J.S.B. Appellant S.C.B. Appellant
J.S.B. S.C.B. Appellant
from the Order Entered April 5, 2018 In the Court of Common
Pleas of Cumberland County Civil Division at No:
from the Order Entered September 12, 2018 In the Court of
Common Pleas of Cumberland County Civil Division at No:
BEFORE: BOWES, J., OLSON, J., and STABILE, J.
("Mother") and J.S.B. ("Father")
cross-appeal from the order entered April 5, 2018, in the
Court of Common Pleas of Cumberland County, awarding both
parties shared legal custody, awarding Mother primary
physical custody, and awarding Father partial physical
custody, with respect to their son, I.W.B.
("Child"), born in August 2014. Mother also appeals
from the order entered September 12, 2018, directing her to
pay $500 in fees to Child's guardian ad litem
("GAL"), Samuel Andes, Esquire. After review, we
vacate the orders and remand for further proceedings.
matter has a lengthy and tortuous procedural history. It
began on February 11, 2016, when Mother filed a complaint
requesting shared legal and primary physical custody of
Child. The case culminated in a final custody order entered
August 3, 2016, which awarded the parties shared legal
custody and awarded Mother primary physical custody. The
order awarded Father partial physical custody during the
first, third, and, if available, fifth weekend of each month
from Saturday at 9:00 a.m. until Sunday at 4:00 p.m., and
during each Wednesday from 4:00 p.m. until 7:00 p.m. Father
did not appeal but filed a motion for reconsideration on
September 2, 2016.
November 7, 2016, the trial court entered an order modifying
the August 3, 2016 custody order slightly. Once again, Father
did not appeal the order but filed a motion for
reconsideration on December 2, 2016. Then, on March 16, 2017,
the court entered an order purportedly addressing both of
Father's motions for reconsideration and modifying the
order of November 7, 2016. Mother appealed, and a prior panel
of this Court vacated the order on October 2, 2017. We held
that the court lacked authority to act on Father's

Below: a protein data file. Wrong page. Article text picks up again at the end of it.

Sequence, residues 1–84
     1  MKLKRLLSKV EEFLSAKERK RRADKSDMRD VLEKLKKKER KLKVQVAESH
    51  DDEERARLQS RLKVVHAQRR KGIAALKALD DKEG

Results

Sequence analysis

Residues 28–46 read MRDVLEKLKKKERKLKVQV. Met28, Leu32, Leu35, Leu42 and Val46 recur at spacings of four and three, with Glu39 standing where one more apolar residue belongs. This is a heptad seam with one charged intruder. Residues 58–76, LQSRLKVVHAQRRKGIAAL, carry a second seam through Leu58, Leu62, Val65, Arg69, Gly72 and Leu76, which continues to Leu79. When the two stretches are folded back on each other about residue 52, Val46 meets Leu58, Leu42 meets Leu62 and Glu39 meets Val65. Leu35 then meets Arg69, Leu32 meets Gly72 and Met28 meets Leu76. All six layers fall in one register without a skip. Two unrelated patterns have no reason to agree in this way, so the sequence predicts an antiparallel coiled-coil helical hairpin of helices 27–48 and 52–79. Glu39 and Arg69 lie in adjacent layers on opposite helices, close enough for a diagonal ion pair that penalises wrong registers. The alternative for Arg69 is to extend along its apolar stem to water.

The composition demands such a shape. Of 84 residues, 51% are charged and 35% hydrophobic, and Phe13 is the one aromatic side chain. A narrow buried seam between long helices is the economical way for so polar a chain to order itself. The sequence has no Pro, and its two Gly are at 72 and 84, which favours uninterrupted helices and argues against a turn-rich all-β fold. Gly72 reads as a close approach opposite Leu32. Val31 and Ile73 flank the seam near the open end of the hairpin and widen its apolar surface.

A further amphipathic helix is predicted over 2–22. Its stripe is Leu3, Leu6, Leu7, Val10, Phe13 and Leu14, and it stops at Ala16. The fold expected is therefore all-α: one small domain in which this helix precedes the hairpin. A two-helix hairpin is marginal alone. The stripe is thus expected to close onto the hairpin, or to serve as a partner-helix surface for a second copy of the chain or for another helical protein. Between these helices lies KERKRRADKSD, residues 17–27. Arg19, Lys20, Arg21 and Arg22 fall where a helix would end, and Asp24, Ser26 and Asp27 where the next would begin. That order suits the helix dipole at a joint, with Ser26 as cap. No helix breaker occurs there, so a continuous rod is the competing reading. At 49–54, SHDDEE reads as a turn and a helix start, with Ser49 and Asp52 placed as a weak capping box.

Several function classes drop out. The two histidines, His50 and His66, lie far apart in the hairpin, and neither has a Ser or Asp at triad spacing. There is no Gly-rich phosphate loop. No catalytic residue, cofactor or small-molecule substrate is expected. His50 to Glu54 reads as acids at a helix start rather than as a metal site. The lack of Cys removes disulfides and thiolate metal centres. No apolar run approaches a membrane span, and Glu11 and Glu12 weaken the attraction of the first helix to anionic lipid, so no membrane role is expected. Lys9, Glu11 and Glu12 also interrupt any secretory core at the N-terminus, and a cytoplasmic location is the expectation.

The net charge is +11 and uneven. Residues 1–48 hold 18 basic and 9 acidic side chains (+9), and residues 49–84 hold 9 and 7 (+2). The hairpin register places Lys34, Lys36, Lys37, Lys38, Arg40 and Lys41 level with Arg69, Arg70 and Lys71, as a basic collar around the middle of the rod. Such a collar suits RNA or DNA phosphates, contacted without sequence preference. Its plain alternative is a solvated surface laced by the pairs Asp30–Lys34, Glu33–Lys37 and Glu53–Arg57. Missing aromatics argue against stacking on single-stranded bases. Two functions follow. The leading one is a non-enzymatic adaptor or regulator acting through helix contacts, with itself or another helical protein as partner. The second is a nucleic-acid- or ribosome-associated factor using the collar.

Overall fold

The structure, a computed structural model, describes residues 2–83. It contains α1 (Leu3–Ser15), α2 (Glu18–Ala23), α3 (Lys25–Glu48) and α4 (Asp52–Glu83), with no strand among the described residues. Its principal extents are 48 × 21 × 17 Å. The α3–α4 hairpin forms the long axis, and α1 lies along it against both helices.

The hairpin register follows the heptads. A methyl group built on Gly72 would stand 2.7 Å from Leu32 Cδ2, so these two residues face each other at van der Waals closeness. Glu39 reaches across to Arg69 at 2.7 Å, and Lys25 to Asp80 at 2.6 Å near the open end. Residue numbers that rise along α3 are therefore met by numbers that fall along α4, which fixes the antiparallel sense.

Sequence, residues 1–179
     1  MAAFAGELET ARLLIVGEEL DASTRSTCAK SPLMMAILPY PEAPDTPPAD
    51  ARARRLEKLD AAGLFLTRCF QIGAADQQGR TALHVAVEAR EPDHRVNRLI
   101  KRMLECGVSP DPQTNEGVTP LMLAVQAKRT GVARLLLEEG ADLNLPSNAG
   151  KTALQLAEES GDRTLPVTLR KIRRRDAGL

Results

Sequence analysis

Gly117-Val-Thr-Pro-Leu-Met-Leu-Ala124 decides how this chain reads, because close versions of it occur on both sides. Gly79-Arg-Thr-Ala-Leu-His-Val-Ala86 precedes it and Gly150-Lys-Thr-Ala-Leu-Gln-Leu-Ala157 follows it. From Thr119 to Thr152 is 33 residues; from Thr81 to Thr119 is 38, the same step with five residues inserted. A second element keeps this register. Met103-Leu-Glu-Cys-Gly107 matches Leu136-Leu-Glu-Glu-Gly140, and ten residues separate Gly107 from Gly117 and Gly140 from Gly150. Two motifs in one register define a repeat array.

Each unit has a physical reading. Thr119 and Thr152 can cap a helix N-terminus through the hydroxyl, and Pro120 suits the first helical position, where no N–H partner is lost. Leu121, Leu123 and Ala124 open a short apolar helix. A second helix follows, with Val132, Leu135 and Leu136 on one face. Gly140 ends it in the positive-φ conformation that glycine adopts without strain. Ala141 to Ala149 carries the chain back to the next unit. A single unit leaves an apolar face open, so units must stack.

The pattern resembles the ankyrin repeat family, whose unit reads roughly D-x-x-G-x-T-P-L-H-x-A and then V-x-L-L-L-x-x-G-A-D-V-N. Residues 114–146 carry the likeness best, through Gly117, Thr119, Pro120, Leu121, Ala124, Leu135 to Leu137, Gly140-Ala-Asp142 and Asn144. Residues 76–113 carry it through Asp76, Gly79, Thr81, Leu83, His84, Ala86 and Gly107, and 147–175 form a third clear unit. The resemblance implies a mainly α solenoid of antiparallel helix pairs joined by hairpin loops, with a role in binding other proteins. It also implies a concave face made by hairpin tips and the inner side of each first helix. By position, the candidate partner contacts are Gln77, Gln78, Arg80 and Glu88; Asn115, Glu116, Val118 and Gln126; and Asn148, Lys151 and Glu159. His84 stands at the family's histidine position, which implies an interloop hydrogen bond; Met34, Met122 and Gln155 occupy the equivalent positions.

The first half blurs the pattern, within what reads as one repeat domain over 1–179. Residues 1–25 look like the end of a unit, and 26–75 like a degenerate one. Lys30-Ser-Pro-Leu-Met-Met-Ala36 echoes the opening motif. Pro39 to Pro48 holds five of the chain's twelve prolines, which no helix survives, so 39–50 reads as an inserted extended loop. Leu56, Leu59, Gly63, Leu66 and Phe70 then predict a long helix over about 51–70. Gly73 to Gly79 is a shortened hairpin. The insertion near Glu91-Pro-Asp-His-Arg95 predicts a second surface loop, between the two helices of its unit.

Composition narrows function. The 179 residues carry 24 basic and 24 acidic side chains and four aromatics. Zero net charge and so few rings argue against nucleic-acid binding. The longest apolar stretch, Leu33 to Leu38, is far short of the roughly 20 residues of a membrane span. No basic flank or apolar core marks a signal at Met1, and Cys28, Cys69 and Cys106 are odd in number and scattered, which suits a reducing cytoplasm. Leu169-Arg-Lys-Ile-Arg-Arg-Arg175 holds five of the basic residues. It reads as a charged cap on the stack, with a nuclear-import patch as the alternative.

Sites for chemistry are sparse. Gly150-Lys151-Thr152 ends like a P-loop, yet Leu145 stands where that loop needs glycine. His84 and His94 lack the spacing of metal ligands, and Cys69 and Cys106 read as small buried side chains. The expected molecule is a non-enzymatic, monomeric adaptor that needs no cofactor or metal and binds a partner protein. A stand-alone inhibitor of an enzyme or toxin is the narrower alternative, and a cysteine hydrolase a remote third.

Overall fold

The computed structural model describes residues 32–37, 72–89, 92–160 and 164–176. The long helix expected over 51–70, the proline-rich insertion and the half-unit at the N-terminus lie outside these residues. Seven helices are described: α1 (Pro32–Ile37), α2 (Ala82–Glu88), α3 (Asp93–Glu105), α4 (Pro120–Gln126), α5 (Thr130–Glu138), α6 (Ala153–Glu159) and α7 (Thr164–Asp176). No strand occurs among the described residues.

motions because it did not grant reconsideration expressly
within the thirty-day appeal period following the entry of
each order. See S.C.B. v. J.S.B., 179 A.3d 532 (Pa.
Super. 2017) (unpublished judgment order).
Mother filed a petition for special relief on March 3, 2017,
in which she requested, among other things, that the trial
court order the parties to participate in a custody
evaluation. The court entered an order on April 18, 2017,
stating it would defer its decision on Mother's request
for a custody evaluation until it received and reviewed a
report from the GAL. On June 16, 2017, Father filed a motion
requesting that the court deny Mother's petition. The
court denied Father's motion on June 20, 2017, stating
that its order of April 18, 2017, remained in
October 4, 2017, Father filed a petition for modification of
custody, requesting shared legal and primary physical custody
of Child. Mother filed a motion on November 2, 2017,
requesting that the trial court conduct a hearing on her
petition for a custody evaluation. On December 21, 2017, the
court entered an interim order modifying the parties'
custody award pursuant to the GAL's recommendation.
Specifically, the order awarded Father partial physical
custody on an alternating two-week schedule. The order
awarded custody from the end of Father's workday on
Friday until the start of his workday on Monday during the
first week. The order awarded custody from the end of
Father's workday on Wednesday until the start of his
workday on Friday during the second week. In the order, the
court also declined to delay the matter further in order to
obtain a custody evaluation. Mother filed a notice of appeal
from the interim order but later withdrew her appeal.
trial court conducted a hearing on the merits of the
parties' custody case on March 8, 2018. The parties
presented evidence addressing a variety of subjects. Most
notably, the evidence focused on Father's complaint that
the maternal grandparents babysit Child while Mother works,
Mother's claim that Child suffers an excessive number of
injuries while in Father's care, and Mother's